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Tuesday, September 2, 2014

Almond varieties

Did you know there are over 30 different varieties of almonds grown commercially?! All have their own unique purpose, size, and shape. Most almond farmers, have multiple varieties in the same orchard, the most popular being nonpareil. Nonpareil is the prettiest almond, most widely produced and comes with the biggest return back to the grower. But we can't all farm nonpareils, they need to be pollinated somehow. Almonds typically need at least two varieties in an orchard because the almond flower cannot pollinate itself like other fruit trees can. We learned about that with the almond bloom and bee blog!! So we have pollinator varieties that complement other varieties and offer their own unique purpose. I am going to outline a few of the more widely grown varieties for you, but feel free to check out The Almond Board of California's full guide.


Nonpareil has the most uses and purposes of any other nut. It can be used in raw form, blanched, processed or anything you wish. It is a soft shell variety, meaning the shell will be easy to remove. Nonpareil is the first variety to be harvested and kicks off the harvest season.
Carmel is a pollinator for Nonpareil. Carmel is generally used for manufacturing or processing  purposes like baking ingredients. It is also a soft shell, has a more narrow shape than a nonpareil and the skin appears more wrinkly. Carmel harvest will begin after nonpareil harvest.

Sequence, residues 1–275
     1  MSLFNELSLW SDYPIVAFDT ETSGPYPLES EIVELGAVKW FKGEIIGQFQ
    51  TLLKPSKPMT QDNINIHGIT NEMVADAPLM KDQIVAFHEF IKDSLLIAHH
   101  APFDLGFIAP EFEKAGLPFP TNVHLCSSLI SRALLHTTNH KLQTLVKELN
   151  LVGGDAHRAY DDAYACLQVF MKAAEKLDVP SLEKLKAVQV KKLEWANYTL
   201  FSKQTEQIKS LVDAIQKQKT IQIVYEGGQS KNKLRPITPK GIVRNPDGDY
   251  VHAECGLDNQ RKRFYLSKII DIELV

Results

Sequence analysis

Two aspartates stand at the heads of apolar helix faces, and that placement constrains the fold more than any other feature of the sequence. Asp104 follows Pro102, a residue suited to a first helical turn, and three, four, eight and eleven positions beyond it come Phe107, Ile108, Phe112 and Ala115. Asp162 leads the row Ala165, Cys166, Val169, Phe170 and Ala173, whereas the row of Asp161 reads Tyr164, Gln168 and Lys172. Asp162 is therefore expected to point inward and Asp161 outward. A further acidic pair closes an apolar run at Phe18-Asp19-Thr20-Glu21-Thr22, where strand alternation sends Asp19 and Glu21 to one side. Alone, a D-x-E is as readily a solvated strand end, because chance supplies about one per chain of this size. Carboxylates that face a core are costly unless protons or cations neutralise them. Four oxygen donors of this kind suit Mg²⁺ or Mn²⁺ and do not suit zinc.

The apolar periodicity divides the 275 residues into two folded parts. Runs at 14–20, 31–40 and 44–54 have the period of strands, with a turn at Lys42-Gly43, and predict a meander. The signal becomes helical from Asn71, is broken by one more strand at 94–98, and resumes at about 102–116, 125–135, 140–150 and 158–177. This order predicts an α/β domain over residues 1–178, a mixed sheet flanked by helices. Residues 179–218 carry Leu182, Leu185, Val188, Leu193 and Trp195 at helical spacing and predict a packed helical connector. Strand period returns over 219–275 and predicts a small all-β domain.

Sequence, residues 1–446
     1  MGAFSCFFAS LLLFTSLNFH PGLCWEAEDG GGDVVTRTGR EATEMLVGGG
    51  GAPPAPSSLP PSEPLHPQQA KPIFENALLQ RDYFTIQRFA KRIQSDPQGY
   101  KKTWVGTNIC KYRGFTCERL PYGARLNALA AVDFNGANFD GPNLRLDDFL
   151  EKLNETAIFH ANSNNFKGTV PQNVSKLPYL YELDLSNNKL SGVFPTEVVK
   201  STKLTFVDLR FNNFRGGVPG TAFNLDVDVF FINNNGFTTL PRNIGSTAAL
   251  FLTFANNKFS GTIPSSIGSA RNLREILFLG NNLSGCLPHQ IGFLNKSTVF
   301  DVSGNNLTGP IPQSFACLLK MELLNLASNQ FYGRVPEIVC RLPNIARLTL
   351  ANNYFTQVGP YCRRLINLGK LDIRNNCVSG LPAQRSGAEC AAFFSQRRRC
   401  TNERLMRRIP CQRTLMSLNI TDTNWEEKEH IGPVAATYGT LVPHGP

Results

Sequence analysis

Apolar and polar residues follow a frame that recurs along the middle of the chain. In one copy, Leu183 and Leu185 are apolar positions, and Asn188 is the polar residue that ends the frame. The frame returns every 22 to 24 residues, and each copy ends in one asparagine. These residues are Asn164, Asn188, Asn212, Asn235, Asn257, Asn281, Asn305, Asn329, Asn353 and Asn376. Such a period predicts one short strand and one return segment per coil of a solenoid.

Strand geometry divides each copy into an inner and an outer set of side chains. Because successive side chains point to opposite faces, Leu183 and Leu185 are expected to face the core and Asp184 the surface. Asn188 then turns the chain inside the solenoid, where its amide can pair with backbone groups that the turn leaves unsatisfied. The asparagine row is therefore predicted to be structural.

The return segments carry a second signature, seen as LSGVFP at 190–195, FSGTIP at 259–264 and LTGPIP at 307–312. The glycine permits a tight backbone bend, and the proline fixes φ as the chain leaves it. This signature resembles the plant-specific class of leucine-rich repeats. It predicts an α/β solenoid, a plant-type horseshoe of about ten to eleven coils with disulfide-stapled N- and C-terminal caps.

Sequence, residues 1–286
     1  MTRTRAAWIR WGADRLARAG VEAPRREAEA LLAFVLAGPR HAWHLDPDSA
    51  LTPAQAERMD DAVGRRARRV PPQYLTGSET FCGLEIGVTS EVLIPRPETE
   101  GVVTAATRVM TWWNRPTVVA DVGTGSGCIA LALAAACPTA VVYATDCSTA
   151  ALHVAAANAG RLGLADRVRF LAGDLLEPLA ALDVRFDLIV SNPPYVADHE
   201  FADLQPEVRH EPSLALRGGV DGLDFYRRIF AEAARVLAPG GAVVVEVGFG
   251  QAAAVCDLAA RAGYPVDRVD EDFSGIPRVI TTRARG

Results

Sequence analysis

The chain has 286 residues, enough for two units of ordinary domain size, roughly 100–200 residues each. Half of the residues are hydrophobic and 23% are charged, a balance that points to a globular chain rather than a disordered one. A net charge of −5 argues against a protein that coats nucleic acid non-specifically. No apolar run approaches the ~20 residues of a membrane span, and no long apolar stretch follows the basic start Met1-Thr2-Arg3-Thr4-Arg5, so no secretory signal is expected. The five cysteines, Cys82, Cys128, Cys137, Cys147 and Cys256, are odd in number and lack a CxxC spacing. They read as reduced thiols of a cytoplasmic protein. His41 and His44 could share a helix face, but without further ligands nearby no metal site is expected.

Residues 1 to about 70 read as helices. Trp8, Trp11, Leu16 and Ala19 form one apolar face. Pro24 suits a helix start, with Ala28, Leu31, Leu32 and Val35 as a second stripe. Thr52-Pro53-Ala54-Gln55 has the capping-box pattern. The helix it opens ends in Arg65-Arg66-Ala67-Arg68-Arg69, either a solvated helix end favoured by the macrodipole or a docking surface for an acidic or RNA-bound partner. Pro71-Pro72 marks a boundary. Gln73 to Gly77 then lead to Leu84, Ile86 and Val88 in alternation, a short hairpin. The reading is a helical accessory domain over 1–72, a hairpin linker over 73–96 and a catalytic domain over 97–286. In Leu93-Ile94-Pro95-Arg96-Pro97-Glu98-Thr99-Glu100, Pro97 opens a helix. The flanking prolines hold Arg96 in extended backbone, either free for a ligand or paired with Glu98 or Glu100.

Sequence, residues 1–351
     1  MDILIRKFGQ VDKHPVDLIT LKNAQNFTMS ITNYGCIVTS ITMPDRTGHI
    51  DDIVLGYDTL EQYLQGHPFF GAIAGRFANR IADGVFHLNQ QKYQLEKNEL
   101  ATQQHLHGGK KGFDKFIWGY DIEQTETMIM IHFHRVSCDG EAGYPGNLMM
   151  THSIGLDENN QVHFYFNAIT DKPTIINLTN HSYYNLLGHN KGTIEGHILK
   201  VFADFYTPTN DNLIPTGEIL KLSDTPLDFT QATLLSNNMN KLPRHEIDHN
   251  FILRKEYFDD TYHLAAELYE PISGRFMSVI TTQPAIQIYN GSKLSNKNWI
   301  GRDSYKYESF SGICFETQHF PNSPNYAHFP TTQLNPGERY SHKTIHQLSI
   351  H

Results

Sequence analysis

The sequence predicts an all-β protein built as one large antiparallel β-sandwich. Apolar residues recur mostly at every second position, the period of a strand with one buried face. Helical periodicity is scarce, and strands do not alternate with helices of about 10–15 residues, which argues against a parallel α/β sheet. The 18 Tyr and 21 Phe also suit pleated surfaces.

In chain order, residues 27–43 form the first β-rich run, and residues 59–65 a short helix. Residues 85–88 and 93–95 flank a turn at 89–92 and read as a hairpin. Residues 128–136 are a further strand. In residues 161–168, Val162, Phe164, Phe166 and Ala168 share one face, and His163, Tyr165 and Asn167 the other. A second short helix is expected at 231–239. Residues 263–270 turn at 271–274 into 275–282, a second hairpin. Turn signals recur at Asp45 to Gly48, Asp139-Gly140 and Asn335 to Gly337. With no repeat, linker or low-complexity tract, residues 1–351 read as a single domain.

Monterey is also a pollinator for nonpareil. It is a large and narrow almond with a smooth surface. And harvest will follow Carmel and Butte.
Sonora is a soft shell almond that is commonly recognized by its long, narrow shape and light skin color. It is the largest almond variety.
Butte and padre varieties are hard shell varieties, meaning their shell is harder to remove. This can cause more mechanical defects to the nut, making it ideal for manufacturing as well. They are shorter and smaller nuts, most commonly found in your nutty chocolate bar because of its size and slight bitter taste. Butte and padre are commonly harvested alongside or slightly later than Carmel.


Now you know an almond isn't just an almond. Next time you take a handful of almonds or bite into your favorite almond snack, try to guess what variety you are eating!


Until Next Time,
Almond Girl

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